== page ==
the region was weaker. Like the US,
the economic calendar is relatively light.
German factory orders, industrial production, the trade and current account
balances are the only pieces of data that are potentially market moving and
even then, they are second tier data. All
of these reports reflect aspects of the Eurozone economy that may be affected
by the strength of the Euro. Therefore a
downside surprise is far more likely than an upside one. Meanwhile, the Swiss franc rallied significantly
today despite a drop in consumer prices.
With gold prices up sharply, this may reflect flight to safety. Swiss unemployment and the SECO consumer climate
reports are due for release next week.
Overall, the Swiss economy has been doing very well, which is why we
expect both reports to be firm.
British Pound Breaks 2.04, Quarterly Inflation Report
Expected Next Week
It has been a strong week for the
British pound despite mixed economic data. Even though activity in both the manufacturing
and construction sector accelerated in the month of July, service sector
activity slowed. All of these indices
remain well above it comparative US levels, which is the reason why the
currency has outperformed the US dollar.
The Bank of England left interest rates unchanged, which made the rate
decision a non-event, but next week Central Bank Governor King will be
delivering their Quarterly Inflation Report.
Based upon the price action in the British pound, traders expect the
central bank to remain hawkish and signal the possibility of another rate hike this
year. Although this is the most likely
scenario, when it comes to the Bank of England, always be prepared for
surprises since the UK is
also being hit by the US
subprime problems. According to the
Council of Mortgage Lenders, foreclosures have hit an 8 year high.
Employment Reports Expected from Canada,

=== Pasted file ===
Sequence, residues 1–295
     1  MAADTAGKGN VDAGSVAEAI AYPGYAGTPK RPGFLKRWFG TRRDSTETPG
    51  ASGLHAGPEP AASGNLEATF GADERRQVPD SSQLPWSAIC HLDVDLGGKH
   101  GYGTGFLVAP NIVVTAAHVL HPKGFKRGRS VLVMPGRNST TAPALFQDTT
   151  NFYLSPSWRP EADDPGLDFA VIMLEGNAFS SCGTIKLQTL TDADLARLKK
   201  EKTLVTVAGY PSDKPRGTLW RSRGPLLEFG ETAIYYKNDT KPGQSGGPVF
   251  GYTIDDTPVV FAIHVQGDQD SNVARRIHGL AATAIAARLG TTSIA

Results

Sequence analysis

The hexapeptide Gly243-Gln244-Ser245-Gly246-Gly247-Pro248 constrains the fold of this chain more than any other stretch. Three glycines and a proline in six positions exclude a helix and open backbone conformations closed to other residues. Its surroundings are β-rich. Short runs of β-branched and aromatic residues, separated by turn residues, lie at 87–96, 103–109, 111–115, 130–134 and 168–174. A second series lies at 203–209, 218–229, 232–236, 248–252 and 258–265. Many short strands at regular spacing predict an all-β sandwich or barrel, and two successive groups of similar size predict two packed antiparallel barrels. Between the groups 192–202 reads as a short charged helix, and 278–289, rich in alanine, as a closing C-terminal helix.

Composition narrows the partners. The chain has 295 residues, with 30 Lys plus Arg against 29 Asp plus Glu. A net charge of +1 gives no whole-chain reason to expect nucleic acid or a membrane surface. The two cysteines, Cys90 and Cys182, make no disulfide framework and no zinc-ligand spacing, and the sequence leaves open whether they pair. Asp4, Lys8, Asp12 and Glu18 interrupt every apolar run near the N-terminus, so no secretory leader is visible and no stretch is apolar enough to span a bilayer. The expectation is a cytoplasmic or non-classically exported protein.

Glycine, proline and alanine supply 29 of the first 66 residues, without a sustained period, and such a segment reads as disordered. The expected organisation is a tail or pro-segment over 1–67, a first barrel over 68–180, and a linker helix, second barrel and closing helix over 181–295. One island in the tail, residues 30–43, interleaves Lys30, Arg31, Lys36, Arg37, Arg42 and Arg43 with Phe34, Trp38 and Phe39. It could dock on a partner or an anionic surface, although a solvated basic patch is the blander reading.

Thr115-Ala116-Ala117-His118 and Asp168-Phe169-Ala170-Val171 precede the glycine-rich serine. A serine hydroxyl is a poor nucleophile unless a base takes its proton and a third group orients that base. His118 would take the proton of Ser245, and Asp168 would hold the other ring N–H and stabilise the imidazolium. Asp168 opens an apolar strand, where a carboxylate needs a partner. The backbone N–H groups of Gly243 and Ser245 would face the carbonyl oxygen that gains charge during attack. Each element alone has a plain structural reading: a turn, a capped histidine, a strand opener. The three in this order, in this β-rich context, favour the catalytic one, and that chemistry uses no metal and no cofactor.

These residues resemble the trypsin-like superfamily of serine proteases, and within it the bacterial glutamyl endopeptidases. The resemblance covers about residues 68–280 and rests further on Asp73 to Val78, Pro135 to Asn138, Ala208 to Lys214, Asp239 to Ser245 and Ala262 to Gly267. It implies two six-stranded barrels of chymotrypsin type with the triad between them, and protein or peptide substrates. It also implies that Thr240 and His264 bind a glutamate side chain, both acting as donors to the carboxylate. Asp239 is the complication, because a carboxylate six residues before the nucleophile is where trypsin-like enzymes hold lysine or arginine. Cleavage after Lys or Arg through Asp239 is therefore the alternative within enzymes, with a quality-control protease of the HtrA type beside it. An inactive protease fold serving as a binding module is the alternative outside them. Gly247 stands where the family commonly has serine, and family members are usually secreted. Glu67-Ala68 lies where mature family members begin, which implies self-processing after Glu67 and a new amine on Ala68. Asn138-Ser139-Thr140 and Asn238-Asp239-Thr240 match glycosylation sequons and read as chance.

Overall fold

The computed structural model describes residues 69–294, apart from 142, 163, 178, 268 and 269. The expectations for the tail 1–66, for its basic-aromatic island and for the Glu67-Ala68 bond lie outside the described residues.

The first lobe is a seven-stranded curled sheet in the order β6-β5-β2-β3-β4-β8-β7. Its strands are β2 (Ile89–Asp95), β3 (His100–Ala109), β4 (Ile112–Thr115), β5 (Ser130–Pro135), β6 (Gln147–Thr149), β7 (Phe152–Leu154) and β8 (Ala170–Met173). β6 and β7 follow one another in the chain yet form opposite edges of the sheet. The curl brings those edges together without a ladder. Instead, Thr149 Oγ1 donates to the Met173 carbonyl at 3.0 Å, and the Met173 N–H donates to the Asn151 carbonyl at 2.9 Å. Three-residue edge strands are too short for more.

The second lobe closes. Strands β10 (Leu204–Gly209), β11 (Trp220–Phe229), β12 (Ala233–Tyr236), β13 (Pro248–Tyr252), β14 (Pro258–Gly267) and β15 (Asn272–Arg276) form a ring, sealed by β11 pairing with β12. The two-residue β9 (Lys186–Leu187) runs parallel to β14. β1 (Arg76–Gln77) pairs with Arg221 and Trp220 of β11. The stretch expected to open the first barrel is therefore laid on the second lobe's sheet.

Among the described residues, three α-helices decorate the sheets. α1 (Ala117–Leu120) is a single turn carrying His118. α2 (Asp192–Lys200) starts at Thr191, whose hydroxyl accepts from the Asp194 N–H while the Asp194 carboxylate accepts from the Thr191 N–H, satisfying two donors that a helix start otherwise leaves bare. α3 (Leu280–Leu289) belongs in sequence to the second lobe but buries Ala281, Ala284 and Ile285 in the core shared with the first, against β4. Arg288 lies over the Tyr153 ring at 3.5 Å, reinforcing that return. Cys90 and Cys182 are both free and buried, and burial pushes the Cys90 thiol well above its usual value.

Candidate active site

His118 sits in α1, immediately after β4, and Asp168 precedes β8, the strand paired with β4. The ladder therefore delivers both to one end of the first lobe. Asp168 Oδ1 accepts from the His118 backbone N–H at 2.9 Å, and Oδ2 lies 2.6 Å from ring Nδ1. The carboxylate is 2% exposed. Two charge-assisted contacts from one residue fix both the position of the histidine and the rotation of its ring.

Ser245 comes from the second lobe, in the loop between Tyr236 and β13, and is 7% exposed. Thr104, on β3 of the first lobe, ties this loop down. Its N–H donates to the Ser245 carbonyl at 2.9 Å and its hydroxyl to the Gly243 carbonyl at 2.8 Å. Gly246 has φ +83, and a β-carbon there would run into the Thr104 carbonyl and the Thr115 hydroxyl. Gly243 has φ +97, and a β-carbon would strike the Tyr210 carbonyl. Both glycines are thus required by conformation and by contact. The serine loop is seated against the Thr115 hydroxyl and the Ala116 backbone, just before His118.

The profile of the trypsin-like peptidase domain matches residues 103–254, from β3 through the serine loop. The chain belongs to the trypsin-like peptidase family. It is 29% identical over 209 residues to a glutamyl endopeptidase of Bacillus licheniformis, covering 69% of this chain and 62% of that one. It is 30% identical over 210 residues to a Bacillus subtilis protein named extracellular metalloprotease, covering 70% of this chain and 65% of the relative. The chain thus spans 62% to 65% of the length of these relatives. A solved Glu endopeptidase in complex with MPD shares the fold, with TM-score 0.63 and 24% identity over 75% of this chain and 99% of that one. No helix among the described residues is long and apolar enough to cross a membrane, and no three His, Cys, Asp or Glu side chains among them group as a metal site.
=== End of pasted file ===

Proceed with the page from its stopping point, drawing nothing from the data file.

Australia and New Zealand
The Canadian, Australian and New Zealand
dollars are slightly weaker today. Canada released
much softer than expected IVEY PMI. Analysts
were already looking for a 7 point drop, but instead, the index dropped a
whopping 13.2 points. This indicates
that the strength of the loonie is finally having a big impact on the Canadian
economy. The drop in the employment
component of the report also suggests that next weekâ€™s employment numbers will
be weak. Australia
and New Zealand
will be releasing their own employment reports as well. The employment component of the stronger
Australian service sector PMI suggests that the labor should remain tight. The New Zealand labor market should
also hold steady.
Historical Movements of the Yen Crosses
Over the past week, the Japanese
Yen crosses have moved in lockstep with the Dow and today was no
different. With the exception of EUR/JPY
and CHF/JPY, all of the other Yen crosses gave back its prior dayâ€™s gains. The growing problems in the US continue to
weigh heavily on the marketâ€™s appetite for risk. Even though it may feel painful for carry
trades at the moment, the 3 percent that we have seen thus far is marginal
compared to how
much carry trades have moved historically.
There was not much Japanese Data to help the Yen this week but the week
ahead is more promising with a relatively busy Japanese calendar, which
includes the corporate goods price index.